I will say this though – I used Google Apps in an Enterprise for a year. We switched everyone from Office 365 when my company was acquired. One of our divisions was sold to another company and the first question was – will we get Exchange back? The answer ‘yes’ was met with resounding applause (true story).
From a user friendliness perspective, this is actually where Microsoft shines and the OEMs fail. The OEMs are the reason for bloatware, not Microsoft. Just wait, those same OEMs will hit up Chromebooks with bloatware if they haven’t already. Samsung started the trend with the Chromebook 2 and “premium apps.” Try a Surface Pro 3 or buy from the Microsoft Store – no bloatware in sight via their Signature Series!
To be fair, some people look at Windows and Office as complex and unweidly. In truth, Microsoft has made robust solutions for OS and business productivity so that anyone can use them. From my 5 year old kid to my grandmother, we all use Windows 8.1! Note: I’m not sure how battery life comes into play here as my Surface Pro 3 and Acer S7-192 last pretty much all day performing power user workloads. This has gotten much better in the past 2 years.
When it comes to innovation, Google is all over the place. They do continually innovate, if you consider innovation to be an ADHD like attitude towards bringing up new services and removing them (insert lament for Gtalk, Froogle, Google Buzz, Orkut, etc.). The fact remains though, their core services remain largely unchanged and unimproved from an end user perspective. Search has had some controversial changes lately, but the search UI and the UI for GMail look largely identical to how they looked in 2004 (insert further lament for Google X, which was one attempt at a UI change).
I could (and have) written articles just on Google’s lack of innovation, but let’s talk about patching. Microsoft has an extensive program to test for security issues and get them patched. Over time, less of their patches require reboots, but typically, they still do. Security patches are clearly overwhelming, but they do serve their purpose. I don’t think a monthly reboot is too much to ask, but I get it. Still, 1 in 5 Android apps have recently been announced to be malicious! This is the largest mobile OS on the planet. The point is – the bigger you are, the more complex these patches become.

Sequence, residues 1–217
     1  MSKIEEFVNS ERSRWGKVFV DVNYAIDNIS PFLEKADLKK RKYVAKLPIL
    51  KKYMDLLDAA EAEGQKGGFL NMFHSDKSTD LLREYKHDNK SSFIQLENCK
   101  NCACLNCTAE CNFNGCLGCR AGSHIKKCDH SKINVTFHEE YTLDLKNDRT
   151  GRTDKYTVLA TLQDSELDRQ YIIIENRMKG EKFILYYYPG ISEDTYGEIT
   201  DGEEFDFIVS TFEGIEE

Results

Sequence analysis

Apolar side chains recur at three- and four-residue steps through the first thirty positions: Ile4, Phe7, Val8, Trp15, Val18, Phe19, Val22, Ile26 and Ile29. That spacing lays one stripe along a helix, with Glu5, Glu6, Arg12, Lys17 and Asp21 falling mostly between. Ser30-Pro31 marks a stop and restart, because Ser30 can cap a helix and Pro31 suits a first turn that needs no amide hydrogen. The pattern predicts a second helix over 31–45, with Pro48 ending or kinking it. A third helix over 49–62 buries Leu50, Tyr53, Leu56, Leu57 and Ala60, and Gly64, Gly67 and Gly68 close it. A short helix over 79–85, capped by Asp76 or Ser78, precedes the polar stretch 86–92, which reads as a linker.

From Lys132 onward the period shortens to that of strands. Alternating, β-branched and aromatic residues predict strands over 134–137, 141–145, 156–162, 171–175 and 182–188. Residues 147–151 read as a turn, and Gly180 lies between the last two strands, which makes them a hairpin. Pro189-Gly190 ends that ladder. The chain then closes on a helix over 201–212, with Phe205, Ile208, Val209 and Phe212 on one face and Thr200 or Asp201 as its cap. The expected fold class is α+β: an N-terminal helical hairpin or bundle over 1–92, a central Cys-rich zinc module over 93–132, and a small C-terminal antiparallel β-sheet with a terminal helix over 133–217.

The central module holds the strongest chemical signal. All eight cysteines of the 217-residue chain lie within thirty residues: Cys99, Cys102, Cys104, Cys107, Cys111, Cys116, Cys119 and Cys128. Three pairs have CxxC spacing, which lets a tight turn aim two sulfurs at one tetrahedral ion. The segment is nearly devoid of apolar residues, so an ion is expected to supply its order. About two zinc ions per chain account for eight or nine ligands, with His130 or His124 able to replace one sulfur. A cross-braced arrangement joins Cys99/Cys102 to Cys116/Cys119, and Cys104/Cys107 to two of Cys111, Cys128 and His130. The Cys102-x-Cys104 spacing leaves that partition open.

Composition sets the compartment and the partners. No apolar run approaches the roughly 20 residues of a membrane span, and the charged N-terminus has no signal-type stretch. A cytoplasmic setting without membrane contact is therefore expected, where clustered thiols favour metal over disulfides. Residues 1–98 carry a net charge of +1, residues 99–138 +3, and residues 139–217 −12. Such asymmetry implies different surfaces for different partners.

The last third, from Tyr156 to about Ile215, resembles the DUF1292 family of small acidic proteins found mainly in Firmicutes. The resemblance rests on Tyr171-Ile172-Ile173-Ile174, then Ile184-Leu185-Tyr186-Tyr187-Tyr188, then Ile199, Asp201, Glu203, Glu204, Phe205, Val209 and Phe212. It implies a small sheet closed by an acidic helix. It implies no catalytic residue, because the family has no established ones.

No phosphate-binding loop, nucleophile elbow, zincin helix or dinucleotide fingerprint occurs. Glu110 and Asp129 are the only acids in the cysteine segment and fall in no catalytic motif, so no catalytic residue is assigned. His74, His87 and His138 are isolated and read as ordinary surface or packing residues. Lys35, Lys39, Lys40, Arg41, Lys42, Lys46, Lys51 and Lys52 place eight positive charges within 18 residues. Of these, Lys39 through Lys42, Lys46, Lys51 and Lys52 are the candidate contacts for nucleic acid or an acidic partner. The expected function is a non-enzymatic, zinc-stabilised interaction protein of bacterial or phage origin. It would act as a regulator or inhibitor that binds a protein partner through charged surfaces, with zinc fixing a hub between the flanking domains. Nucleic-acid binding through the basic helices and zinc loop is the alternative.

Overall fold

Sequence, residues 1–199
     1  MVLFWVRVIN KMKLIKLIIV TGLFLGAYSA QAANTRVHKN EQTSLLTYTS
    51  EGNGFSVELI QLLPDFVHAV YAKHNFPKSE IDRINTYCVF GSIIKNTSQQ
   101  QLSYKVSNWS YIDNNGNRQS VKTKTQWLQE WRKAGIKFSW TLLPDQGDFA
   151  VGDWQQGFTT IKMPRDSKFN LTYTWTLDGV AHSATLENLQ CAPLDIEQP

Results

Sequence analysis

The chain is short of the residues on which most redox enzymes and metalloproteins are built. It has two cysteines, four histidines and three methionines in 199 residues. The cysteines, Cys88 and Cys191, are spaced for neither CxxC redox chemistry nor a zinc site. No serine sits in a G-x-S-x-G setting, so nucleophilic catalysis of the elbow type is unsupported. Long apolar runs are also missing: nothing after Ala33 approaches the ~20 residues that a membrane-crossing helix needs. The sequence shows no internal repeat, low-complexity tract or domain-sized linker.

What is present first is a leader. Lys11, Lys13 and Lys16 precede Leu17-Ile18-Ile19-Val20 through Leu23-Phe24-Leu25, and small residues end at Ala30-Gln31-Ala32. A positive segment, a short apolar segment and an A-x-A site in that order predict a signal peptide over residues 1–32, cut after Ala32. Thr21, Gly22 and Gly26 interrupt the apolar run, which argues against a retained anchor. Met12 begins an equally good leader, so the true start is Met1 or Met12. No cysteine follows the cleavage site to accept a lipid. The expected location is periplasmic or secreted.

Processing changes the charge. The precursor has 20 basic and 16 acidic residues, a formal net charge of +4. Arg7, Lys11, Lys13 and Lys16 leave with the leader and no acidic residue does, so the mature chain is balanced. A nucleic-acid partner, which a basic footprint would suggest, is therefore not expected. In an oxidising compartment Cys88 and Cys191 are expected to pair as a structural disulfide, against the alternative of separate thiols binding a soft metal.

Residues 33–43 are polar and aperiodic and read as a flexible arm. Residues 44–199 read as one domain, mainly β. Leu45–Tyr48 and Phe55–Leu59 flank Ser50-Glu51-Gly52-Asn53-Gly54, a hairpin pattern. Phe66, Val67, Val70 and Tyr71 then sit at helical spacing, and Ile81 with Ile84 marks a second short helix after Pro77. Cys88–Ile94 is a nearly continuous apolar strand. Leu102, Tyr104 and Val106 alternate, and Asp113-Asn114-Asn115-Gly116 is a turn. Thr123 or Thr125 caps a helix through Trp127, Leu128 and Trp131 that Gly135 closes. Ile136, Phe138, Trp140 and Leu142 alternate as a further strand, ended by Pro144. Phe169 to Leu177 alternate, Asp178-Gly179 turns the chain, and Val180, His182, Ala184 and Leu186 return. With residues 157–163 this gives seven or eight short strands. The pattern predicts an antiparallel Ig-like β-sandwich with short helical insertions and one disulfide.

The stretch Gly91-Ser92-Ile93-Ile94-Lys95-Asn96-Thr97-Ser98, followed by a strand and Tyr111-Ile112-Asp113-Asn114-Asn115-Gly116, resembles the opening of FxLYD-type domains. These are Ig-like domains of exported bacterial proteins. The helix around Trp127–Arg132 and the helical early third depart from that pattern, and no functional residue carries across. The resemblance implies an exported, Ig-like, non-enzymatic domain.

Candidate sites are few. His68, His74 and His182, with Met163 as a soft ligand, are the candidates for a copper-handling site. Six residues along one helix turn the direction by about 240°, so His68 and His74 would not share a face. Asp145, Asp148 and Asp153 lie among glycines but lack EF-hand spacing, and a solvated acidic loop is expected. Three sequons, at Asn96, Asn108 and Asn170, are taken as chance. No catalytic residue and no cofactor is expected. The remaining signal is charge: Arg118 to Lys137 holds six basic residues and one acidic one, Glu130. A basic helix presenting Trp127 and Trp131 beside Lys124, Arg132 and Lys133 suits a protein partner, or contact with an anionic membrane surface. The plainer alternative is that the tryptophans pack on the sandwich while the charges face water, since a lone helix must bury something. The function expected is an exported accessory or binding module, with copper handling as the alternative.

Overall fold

Surprisingly, you don’t have to look to far to see recent examples of excitement around Microsoft patching. Windows 8.1 was well received. Also, it was free, like Windows 10 will be. Speaking of which, the patches for the tech preview of Windows 10 are going exceedingly well.
Where Google is really failing when it comes to user friendliness and innovation though is limiting their offline features to Chrome only! Microsoft’s version of that is any device, any platform. Look at that, I addressed Dependence on Internet Access (not!) also!
You might have heard about Google Fi, which seems revolutionary. But, it is only supporting Google Nexus 6 at launch. Google is going the wrong direction by forcing a certain subset of their users into their playground. Innovation requires real risk, not just capital.
I think Alastair is right when Addressing Limitations. You can’t be everything to everyone and I doubt even the low end Microsoft platforms and regular Chromebooks could handle heavier workloads. Whether or not Google wants to compete in this space though remains to be seen. Google’s modus operadi seems to be ‘good enough’ solutions.
I don’t say that lightly either, the failure of Google+ and the fact that it underpins all of Google’s authentication is a bit concerning. My hope is that they remove or downplay the social aspect more and just make it an authentication platform like Microsoft Live.
Certainly, Chromebooks have their niche, for now. They’re not in nearly as many countries as Windows and depending on how the Office 365 vs. Google Apps fight plays out, the Chromebook could ultimately go the way of the Blackberry or be folded into an Android OS platform for PCs, aligning Chrome OS with Android. Still, Google has a proven history of killing products that it can’t get it’s core business into. For Enterprise adoption, this is scary. For BYOD, not so much.
I do agree with the last point – Microsoft has a lot of fallbacks if their latest OS coupled with the latest hardware doesn’t sway consumers, but I think the Surface Pro 4 is going to be hugely successful. Perhaps Project Spartan will eventually become an OS itself, similar to how Chrome OS started. I can’t see it playing out this way though. Microsoft is a company in transition and the old stodgy ways are gone. For some reason, Google seems to have taken that burden up.